It all took place within Club Proteus's Greek-ruin decor, accessorized by candles, white tablecloths, a plush red curtain through which the entertainers emerged, and waiters in the rather incongruous sports-bar-ish attire of khaki pants and green polo shirts.
Even more incongruous were the various elements of the audience. Seasoned drag-show attendees--gay-bar regulars--came prepared with seemingly endless supplies of dollar bills to deposit, with plenty of theatrics, in the deep bosoms of performers they particularly liked. A group of genuine women had gathered under a floating Mylar balloon for the bachelorette party of a very pregnant bride-to-be. Along the front row were two tony hetero couples. ("Your second husband?" a drag queen asked one of the wives. "This time you went for the money, huh?") Along the bar sat a quiet, unobtrusive husband and wife--she in slacks and a sweater, he in a sequined dress ensemble, fake eyelashes and a blond wig. In front of us were a GQ guy and his two dates--both wearing tight, sleeveless black dresses--who celebrated somebody's birthday with a bottle of champagne that arrived toward the end of the night.
By that time, we'd all been victims of the exquisite torture dished out by "The Undisputed Bitch of the South," Charlie Brown, a visiting headliner from Atlanta. Looking and lip-syncing like a white Etta James and brandishing two sets of Edward Scissorhands fingernails, she had the nerve to deliver what must be the drag queen's ballsiest statement of self-confidence: She actually pressed an audience member's head into her faux bosom and gave it a lengthy shake.
Charlie Brown had a mouth like a sailor, and after joking in a molasses-y accent about being "reared" in Kentucky, she emceed the evening as a mission "to help you understand who and what the fuck I am." We were now in her living room, where "everyone is equal. We're going to leave the stress, politics and bullshit outside." From there, no audience member was spared. "Are you straight?" she asked one of the women in the bachelorette party. When the woman's bangs and ponytail bobbed in a yes, Charlie said, "You don't have a lot of gay friends, do you?" The woman said she did, but Charlie shot back with an obvious truth: "None of them are hairdressers, are they?"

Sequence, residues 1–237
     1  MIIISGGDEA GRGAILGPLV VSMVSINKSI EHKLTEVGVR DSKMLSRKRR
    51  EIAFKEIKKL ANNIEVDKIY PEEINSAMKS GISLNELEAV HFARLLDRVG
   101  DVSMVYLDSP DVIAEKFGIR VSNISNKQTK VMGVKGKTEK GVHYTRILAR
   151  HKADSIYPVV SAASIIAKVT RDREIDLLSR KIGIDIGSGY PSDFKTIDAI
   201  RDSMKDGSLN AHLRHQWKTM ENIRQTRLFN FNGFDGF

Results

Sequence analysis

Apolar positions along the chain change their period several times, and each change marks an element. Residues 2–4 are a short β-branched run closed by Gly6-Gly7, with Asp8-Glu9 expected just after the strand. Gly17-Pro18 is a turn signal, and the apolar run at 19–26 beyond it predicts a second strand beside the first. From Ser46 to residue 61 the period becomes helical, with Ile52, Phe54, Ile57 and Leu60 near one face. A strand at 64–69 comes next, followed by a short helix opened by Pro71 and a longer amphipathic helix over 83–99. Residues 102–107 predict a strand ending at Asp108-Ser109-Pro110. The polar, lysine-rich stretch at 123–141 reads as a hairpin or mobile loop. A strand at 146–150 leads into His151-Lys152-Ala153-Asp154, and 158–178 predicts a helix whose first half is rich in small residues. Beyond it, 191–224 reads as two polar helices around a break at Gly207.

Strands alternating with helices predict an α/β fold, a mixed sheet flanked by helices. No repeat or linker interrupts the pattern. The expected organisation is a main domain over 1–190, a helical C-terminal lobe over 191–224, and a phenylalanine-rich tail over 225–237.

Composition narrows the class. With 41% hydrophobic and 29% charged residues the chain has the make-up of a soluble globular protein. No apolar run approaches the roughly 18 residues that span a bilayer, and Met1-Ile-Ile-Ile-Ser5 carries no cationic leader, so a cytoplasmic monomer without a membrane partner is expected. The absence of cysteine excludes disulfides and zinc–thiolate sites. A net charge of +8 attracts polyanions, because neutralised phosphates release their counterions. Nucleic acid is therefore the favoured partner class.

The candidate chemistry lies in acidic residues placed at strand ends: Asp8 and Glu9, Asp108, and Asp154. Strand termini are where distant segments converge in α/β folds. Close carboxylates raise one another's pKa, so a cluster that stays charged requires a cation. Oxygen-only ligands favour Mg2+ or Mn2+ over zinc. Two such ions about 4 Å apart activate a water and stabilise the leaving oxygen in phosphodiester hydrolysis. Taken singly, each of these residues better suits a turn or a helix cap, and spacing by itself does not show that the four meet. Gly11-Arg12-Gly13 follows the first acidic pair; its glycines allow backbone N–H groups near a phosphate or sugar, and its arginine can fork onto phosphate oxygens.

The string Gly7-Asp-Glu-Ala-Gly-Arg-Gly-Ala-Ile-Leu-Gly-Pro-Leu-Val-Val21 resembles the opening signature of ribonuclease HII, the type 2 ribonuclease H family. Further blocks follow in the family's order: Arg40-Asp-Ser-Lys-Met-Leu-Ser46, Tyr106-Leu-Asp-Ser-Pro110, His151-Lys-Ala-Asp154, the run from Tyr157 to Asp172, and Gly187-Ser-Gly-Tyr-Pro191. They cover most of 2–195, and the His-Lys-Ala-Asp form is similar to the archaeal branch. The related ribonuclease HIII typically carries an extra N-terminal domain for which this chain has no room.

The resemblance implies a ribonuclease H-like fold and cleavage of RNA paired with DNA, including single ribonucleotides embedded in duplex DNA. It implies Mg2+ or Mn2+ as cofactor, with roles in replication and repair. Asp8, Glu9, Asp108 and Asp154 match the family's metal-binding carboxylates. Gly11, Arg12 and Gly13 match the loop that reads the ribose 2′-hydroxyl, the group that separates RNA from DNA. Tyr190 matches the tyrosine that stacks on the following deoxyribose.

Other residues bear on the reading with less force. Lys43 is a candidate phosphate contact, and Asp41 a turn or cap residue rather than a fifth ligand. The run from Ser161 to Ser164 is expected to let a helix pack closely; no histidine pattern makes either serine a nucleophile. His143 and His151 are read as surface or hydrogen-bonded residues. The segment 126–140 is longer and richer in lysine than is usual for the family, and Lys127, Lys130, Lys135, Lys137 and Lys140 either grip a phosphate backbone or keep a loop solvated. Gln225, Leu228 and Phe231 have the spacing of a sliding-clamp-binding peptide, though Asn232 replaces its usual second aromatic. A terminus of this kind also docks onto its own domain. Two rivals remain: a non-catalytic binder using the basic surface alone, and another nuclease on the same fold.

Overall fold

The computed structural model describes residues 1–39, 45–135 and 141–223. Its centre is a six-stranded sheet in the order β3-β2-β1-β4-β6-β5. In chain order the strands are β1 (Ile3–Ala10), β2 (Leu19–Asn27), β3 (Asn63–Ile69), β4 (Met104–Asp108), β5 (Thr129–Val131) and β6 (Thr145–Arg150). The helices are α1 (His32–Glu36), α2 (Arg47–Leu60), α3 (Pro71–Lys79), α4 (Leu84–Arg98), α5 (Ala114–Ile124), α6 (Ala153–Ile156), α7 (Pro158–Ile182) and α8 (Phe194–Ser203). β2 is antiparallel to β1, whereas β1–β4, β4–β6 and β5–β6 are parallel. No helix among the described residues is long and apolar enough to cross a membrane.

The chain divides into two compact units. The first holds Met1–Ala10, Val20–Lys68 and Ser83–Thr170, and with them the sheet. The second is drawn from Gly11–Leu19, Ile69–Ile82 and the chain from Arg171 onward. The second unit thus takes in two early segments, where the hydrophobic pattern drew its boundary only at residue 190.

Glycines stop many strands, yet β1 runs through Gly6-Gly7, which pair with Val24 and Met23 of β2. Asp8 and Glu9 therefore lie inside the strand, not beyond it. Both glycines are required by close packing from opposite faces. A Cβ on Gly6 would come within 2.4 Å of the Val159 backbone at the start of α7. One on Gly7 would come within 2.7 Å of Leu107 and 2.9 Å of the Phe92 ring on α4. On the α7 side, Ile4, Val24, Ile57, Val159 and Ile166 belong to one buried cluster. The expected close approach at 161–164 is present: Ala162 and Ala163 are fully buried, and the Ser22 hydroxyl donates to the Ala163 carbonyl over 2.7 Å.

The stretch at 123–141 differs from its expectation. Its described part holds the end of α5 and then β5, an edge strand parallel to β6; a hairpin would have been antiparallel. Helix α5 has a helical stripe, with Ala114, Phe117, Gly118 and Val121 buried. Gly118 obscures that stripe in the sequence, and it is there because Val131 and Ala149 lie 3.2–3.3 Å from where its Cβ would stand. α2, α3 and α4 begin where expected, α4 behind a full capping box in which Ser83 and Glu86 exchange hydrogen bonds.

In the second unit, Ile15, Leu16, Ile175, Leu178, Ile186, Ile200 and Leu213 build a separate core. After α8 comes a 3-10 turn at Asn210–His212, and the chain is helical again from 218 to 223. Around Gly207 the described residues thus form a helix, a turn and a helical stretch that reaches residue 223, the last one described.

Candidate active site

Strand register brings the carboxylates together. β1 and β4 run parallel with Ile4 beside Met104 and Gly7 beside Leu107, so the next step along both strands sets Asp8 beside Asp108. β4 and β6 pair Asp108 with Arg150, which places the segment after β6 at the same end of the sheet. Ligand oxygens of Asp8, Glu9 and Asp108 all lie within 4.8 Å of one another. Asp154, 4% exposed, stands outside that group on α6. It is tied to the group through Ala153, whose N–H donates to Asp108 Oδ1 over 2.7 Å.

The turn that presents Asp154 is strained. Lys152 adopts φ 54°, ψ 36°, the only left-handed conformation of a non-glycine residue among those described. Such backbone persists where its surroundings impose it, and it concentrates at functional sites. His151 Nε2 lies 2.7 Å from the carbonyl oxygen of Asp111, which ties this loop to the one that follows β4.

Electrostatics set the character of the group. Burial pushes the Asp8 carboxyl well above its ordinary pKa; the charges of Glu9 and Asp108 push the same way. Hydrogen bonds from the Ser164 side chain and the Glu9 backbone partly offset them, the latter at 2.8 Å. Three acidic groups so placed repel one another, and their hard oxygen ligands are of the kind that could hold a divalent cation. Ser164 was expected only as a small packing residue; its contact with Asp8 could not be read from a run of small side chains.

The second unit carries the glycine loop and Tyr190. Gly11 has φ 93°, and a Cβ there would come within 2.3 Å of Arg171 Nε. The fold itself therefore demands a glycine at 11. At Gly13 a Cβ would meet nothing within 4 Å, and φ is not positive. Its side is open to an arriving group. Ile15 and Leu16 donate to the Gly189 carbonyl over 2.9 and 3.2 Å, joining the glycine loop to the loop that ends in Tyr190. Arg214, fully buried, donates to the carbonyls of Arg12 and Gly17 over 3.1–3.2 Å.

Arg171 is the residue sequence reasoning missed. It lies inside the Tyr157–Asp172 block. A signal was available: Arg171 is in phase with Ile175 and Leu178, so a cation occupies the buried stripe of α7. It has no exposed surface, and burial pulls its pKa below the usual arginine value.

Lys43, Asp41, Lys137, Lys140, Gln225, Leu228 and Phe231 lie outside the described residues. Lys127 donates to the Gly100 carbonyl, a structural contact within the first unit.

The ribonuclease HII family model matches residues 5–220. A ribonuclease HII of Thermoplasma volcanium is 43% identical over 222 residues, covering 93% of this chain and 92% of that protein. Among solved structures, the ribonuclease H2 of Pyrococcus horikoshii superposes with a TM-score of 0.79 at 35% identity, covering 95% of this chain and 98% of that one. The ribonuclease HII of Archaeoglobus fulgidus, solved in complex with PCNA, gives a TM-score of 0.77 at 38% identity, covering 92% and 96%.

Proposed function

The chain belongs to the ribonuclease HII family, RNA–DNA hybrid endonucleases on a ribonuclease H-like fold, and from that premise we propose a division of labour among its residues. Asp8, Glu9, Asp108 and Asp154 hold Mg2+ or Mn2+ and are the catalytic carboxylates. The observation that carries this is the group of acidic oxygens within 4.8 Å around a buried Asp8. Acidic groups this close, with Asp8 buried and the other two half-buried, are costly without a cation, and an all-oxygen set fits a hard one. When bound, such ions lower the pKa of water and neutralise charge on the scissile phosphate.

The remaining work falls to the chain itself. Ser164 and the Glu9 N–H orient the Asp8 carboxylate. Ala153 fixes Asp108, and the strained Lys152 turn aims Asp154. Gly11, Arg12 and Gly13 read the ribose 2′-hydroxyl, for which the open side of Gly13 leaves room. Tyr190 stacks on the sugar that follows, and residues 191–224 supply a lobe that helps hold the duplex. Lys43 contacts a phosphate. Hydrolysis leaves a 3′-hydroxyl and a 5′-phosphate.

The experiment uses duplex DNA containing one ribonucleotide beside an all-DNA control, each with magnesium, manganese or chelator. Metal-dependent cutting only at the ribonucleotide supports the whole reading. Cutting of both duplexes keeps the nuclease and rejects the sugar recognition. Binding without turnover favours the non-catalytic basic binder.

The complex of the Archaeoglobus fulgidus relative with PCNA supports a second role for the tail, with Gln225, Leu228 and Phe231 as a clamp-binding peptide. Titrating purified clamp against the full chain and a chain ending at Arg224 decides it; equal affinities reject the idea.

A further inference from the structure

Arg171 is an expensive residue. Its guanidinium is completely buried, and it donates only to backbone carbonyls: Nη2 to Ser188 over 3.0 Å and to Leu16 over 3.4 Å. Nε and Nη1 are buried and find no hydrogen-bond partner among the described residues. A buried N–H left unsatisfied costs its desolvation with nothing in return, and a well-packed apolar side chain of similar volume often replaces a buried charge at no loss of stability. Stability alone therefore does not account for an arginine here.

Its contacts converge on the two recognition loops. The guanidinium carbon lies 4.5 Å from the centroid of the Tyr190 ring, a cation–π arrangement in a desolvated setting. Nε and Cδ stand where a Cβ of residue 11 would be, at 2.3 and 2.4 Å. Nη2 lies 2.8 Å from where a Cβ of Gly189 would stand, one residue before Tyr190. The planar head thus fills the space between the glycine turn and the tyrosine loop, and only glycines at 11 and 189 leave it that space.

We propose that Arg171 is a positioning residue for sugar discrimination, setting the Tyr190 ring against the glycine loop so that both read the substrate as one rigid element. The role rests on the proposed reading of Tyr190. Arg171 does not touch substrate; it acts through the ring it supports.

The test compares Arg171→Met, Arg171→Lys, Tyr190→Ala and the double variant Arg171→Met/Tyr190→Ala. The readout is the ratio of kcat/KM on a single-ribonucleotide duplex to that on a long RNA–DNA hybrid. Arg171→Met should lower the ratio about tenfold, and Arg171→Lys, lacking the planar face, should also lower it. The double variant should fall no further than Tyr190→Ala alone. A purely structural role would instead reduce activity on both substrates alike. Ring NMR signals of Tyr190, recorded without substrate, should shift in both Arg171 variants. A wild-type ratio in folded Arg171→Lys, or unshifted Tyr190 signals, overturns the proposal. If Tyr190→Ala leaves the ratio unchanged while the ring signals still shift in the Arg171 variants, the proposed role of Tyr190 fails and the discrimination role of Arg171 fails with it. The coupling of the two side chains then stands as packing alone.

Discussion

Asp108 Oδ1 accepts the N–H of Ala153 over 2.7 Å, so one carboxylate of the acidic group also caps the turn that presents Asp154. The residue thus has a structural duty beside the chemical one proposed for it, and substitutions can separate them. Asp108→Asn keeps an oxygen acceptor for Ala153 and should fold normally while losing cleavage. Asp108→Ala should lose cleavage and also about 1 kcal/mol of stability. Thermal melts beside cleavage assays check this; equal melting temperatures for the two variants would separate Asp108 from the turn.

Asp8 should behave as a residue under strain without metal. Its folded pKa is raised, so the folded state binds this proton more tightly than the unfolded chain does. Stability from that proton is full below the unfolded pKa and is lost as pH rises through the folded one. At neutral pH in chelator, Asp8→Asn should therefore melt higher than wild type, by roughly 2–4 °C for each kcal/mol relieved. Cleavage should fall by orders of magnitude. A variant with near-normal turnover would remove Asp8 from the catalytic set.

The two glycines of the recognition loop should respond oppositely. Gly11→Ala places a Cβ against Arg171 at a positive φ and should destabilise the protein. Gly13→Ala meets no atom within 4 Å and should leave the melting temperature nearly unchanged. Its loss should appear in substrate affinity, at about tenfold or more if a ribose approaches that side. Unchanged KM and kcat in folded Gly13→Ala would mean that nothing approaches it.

The queens had plenty of both hair and dressing. Tara B. Tempest's wig resembled a standard poodle, and for one of her numbers, an extremely well-received version of Dolly Parton's "PMS Blues," the fringe on her dress was made of tampons. Alexandra Winters pulled off an uncanny Bette Midler. Reigning Miss Colorado USA Kiera Sexton, who favors tight latex outfits and performs strobe-lit, Flashdance-type routines with a gang-member/cheerleader attitude, astounded our table with her backflip. And Christina Lee Austin earned an encore with her performance of Melissa Etheridge's "I'm the Only One"--even though Christina's platinum wig, leopard-skin mini-skirt and thigh-high patent-leather boots made her look more like a Playboy bunny than the torn-jeans-wearing lesbian rocker.
"The music that I do is not a personal thing, but you kind of have to feel it," says Christina, otherwise known as Christopher McPeek, who works as a waiter and bartender. "The Christina Lee Austin character--which is who I am--is the sassy girl, blond bombshell, and the songs kind of emulate that." McPeek admits straight audiences might be "um, a little shocked at first, but they really get into it and have a good time. It's quite a diverse cast, and a lot of them can't believe that some of us are boys."
The response to Guise and Dolls, according to Proteus general manager Tim Kirkland, has been "awesome." Every performance has sold out, and the club plans to run the Sunday shows at least through the end of the year.
Kirkland estimates that the crowd has been evenly split between gay and straight. The performances draw "a lot of birthday parties and office parties. We've had several girls who will bring their moms or their sisters. I don't know if that's because their boyfriends or husbands wouldn't come."
Kirkland knows there's a thin line between those who come to laugh with the performers and those who come to laugh at them. "We know some people, rather than seeing it as a comedic performance, will see it as a freak show, and we're prepared for that," he says. "When we put together this cast--there are some drag queens in town who take themselves extremely seriously, which would make them (a) impossible to direct, and (b) too sensitive to do the kind of show we do. If our guys can get up there and give a great performance and still, at the end of the show, say, 'Laugh at me if you will, because I'm a 35-year-old man in a dress,' those are the kinds of performers we want, because they make the best performers."